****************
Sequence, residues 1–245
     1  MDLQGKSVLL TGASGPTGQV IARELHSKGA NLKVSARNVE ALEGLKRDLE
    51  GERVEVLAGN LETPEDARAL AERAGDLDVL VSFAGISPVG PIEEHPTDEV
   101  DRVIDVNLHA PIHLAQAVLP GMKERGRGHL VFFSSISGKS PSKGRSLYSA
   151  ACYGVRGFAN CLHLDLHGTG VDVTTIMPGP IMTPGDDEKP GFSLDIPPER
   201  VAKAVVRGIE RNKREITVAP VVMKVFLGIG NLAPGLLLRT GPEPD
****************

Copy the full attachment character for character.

Sequence, residues 1–245
     1  MDLQGKSVLL TGASGPTGQV IARELHSKGA NLKVSARNVE ALEGLKRDLE
    51  GERVEVLAGN LETPEDARAL AERAGDLDVL VSFAGISPVG PIEEHPTDEV
   101  DRVIDVNLHA PIHLAQAVLP GMKERGRGHL VFFSSISGKS PSKGRSLYSA
   151  ACYGVRGFAN CLHLDLHGTG VDVTTIMPGP IMTPGDDEKP GFSLDIPPER
   201  VAKAVVRGIE RNKREITVAP VVMKVFLGIG NLAPGLLLRT GPEPD